15 Sep 2014
57° Partly Cloudy
Patch Instagram photo by chels_a_bels

Stamford Civility Symposium Lecture Series Kicks Off

Mayor Michael Pavia's Civility Symposium got rolling Monday night, the first in a multi-part series, with a visit from J. Paul Getty Trust's James Cuno.

Stamford Civility Symposium Lecture Series Kicks Off Stamford Civility Symposium Lecture Series Kicks Off Stamford Civility Symposium Lecture Series Kicks Off Stamford Civility Symposium Lecture Series Kicks Off Stamford Civility Symposium Lecture Series Kicks Off Stamford Civility Symposium Lecture Series Kicks Off

"I am optimistic we are about to embark on a journey to showcase the City of Stamford as a civil city," said Mayor Michael Pavia just before kicking off the first presentation of his multi-part Civility Symposium Monday night at the Ferguson Library.

To start things off, James Cuno, President and CEO of the J. Paul Getty Trust in L.A. & world-renowned expert on the role of art museums in civic life, visited Stamford to present the role of art in civility.

"We have a national discourse that frequently gives points for the best sound bites and negative campaigning is often rewarded more heavily in the voting booth," said Pavia. "Civility signifies a great strength of character. Civility represents respect for the views and ideas of others. Civility is the very foundation of what it means to be a citizen."

Cuno echoed the mayors thoughts in his presentation to those gathered. Giving an overview of his work and findings in the field Cuno's lecture boiled down to one key point on civility.

"[Civility is] the respect we give to the object as it exists apart from us," Cuno cited from Lionel Trilling. "We discover that there are several cultures instead of just one... we are threatened by our own discovery. Suddenly it becomes possible that we are just others. We, ourselves are an 'other' among others.

"And this, I think, is the basis of civility," continued Cuno. "The respect for the other—and for others, with others, in the common pursuit of understanding."

Current additional lecture dates and topics are as follows:

Civility in the Media

Wednesday, October 3, noon

WNYW Fox 5 News Anchor Ernie Anastos, an Emmy-award winning news anchor. Anastos is

widely recognized and respected journalist with over 30 years experience in the news industry.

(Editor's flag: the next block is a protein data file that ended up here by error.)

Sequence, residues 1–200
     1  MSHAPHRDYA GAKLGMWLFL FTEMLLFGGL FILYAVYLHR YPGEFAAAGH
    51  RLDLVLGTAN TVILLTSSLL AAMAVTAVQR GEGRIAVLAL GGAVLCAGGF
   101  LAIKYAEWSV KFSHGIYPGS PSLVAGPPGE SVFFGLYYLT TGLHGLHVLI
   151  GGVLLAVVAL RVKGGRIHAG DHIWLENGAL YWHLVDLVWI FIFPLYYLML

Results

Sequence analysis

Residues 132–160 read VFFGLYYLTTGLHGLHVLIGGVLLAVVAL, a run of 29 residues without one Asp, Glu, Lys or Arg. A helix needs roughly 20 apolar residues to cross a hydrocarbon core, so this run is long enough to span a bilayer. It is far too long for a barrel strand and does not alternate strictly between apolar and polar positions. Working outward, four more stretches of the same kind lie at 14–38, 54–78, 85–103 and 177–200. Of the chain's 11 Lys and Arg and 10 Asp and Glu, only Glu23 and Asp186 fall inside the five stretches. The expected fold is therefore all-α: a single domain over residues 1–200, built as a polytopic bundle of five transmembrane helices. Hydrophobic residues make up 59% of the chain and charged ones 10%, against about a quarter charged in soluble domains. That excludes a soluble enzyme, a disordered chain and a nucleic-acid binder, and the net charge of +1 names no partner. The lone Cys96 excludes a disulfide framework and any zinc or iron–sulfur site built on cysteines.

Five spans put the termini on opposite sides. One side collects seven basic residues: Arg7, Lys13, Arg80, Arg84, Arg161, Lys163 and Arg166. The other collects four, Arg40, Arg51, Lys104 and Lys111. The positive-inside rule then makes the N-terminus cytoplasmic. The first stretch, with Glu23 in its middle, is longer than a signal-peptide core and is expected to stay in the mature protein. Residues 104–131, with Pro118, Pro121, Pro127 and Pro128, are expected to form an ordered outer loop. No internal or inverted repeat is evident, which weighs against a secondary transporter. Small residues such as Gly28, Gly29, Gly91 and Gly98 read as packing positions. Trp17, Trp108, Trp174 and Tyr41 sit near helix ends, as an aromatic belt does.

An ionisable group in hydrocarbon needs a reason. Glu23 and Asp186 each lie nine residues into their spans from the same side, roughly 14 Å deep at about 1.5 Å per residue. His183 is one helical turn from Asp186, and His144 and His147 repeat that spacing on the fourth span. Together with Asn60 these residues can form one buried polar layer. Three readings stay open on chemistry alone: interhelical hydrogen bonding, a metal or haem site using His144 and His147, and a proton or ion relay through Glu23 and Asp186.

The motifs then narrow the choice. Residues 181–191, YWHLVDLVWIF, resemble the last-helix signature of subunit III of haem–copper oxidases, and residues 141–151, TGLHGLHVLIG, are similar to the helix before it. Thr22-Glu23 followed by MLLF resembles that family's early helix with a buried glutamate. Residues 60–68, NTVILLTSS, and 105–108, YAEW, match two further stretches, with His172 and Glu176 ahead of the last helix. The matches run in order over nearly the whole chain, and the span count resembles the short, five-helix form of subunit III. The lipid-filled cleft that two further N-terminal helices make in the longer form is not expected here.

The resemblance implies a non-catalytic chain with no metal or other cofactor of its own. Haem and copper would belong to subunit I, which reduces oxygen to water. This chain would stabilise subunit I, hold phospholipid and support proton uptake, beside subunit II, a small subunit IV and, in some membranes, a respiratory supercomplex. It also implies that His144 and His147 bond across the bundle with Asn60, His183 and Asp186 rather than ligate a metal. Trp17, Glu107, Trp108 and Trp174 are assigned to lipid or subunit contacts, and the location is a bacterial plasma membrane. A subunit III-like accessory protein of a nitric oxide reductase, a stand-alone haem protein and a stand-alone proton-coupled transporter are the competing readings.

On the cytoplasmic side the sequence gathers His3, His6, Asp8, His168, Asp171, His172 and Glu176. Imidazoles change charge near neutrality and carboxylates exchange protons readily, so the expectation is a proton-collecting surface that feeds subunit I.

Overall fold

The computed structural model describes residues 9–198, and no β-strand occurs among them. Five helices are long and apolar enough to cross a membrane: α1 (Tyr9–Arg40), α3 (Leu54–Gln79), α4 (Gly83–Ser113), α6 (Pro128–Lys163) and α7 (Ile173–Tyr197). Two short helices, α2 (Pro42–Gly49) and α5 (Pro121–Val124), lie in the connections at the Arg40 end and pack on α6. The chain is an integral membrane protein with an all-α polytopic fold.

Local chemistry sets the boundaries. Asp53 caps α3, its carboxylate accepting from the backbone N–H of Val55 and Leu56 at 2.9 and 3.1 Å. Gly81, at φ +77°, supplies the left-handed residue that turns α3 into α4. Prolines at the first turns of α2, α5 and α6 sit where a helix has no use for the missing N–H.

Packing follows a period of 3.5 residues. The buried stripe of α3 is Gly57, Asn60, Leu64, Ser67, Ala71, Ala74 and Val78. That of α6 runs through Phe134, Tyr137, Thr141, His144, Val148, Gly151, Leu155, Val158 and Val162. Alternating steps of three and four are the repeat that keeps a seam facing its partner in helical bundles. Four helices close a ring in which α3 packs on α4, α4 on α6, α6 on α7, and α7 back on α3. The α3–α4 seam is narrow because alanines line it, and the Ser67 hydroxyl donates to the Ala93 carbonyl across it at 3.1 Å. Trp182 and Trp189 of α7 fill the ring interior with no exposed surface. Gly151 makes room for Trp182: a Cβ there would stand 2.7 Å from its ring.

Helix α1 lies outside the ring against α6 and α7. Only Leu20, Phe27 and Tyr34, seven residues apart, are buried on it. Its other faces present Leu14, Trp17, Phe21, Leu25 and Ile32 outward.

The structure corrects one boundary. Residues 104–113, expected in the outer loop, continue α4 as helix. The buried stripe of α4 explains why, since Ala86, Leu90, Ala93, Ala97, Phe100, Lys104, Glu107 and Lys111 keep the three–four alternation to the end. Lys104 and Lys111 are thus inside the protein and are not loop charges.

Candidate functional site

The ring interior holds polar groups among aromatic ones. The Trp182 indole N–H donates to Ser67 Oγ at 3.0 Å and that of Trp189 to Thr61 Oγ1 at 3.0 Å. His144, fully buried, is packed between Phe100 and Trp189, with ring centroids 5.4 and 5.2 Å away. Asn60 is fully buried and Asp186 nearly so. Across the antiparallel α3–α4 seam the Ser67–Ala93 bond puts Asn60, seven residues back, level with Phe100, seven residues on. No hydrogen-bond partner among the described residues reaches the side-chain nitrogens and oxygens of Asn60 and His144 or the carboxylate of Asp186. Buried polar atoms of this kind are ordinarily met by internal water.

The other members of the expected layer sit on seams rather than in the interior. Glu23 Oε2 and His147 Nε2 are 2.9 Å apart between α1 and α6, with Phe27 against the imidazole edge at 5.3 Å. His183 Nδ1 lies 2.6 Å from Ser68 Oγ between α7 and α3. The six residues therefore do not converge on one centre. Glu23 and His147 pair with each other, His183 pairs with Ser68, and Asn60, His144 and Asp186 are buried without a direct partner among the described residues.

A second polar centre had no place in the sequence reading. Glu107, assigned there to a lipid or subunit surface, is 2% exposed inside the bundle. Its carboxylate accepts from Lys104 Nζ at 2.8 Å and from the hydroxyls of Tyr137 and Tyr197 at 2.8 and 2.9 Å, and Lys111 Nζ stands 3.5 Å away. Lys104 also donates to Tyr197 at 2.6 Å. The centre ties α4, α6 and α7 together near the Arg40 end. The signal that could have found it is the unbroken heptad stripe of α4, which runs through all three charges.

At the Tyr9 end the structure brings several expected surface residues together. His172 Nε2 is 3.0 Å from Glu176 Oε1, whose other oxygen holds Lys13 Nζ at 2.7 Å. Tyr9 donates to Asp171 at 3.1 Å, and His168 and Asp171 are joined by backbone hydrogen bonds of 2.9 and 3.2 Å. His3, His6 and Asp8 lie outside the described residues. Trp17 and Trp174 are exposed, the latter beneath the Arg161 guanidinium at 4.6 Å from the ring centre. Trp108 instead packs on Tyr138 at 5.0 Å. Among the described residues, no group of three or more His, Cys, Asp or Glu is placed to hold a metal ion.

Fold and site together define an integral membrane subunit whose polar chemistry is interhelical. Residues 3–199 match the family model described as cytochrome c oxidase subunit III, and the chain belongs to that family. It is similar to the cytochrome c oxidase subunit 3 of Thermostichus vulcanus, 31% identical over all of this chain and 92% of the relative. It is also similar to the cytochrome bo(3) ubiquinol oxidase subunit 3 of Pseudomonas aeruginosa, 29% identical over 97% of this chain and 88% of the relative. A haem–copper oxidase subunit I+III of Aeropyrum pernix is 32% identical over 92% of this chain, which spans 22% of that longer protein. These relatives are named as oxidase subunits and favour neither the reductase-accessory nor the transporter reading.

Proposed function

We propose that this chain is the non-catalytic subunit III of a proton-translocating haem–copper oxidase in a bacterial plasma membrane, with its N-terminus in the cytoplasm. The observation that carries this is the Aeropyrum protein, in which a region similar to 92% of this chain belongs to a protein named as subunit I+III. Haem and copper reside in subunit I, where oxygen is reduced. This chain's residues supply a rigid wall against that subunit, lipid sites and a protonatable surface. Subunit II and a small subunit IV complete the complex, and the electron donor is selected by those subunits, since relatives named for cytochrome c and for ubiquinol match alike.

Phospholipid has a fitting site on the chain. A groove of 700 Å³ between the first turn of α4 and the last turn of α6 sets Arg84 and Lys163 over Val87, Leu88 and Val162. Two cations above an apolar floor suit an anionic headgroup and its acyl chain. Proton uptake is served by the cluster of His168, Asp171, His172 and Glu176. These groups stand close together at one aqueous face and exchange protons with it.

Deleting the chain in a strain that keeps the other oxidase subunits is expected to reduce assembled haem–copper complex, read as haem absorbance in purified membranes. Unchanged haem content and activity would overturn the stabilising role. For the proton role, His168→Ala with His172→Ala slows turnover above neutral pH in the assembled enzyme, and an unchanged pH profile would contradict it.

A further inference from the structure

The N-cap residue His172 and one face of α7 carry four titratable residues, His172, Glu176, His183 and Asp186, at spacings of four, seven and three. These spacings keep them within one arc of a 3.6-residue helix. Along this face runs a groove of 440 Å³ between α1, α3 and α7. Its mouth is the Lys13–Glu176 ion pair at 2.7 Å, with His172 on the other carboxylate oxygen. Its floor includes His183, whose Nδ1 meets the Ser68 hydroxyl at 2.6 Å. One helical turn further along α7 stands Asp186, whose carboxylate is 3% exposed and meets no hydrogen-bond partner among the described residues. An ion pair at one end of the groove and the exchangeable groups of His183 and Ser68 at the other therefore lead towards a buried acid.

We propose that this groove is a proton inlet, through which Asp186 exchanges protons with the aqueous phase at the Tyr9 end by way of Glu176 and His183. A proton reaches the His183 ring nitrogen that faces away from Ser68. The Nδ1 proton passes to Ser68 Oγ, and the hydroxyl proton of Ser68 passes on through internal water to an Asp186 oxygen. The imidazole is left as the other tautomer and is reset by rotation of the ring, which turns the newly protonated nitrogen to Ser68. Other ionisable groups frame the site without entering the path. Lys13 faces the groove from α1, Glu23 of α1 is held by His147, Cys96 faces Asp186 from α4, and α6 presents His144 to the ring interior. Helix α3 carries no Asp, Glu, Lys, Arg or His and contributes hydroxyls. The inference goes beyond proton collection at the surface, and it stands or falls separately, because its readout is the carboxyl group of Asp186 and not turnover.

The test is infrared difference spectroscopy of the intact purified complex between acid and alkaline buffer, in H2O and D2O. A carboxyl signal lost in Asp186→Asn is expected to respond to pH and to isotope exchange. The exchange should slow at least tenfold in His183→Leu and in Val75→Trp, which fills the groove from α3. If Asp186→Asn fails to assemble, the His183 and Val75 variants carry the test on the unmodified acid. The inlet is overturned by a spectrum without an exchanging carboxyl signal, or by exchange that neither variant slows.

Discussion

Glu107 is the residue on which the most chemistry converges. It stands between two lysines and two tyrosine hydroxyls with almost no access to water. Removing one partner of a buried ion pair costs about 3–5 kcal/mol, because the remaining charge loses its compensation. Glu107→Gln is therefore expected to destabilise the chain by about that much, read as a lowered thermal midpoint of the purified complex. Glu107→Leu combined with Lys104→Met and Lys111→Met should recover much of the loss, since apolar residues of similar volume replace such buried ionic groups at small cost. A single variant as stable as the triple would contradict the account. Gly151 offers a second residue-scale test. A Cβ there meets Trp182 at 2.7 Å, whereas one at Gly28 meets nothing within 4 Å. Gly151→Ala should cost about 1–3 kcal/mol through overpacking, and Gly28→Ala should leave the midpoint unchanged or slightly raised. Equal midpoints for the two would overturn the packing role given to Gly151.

Civility in Politics

Wednesday, October 17, 5:30 p.m.

Sen. Olympia Snowe, R-Maine, who was first elected to the U.S. Senate in 1994. Prior to serving in the Senate, Snowe represented Maine’s Second Congressional District in the U.S. House of Representatives for 16 years, becoming only the fourth woman in history to be elected to both houses of Congress. Sen. Snowe has made bipartisan consensus-building on key issues a hallmark of her career in Washington.

Civility in Law Enforcement

Tuesday, November 13, 6 p.m.

William Bratton, who served as Chief of the Los Angeles Police Department for seven years

before retiring in 2009, as well as New York City Police Commissioner and Boston Police Commissioner. Mr. Bratton is now Chairman of Kroll, the world’s leading risk consulting company.

Civility in Management

Tuesday, December 4, 6 p.m.

Edward Reilly, President & CEO of American Management Association, the world’s leading not-for-profit, membership-based management development, research, and publishing organization.

Civility in Education

February 7, 6 p.m.

Joel Klein, who served as chancellor of the New York City School System from 2002-2011. Among his many achievements as chancellor, Klein created and implemented comprehensive education reform that resulted in increases in student performance. Klein currently serves as executive vice president and CEO of News Corporation’s education division.

Share This Article